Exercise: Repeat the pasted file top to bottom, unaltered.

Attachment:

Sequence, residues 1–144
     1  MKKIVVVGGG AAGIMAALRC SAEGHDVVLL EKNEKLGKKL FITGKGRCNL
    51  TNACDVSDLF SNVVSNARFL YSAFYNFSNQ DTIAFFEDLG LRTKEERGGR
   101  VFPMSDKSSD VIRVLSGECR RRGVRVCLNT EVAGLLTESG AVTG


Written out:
Sequence, residues 1–144
     1  MKKIVVVGGG AAGIMAALRC SAEGHDVVLL EKNEKLGKKL FITGKGRCNL
    51  TNACDVSDLF SNVVSNARFL YSAFYNFSNQ DTIAFFEDLG LRTKEERGGR
   101  VFPMSDKSSD VIRVLSGECR RRGVRVCLNT EVAGLLTESG AVTG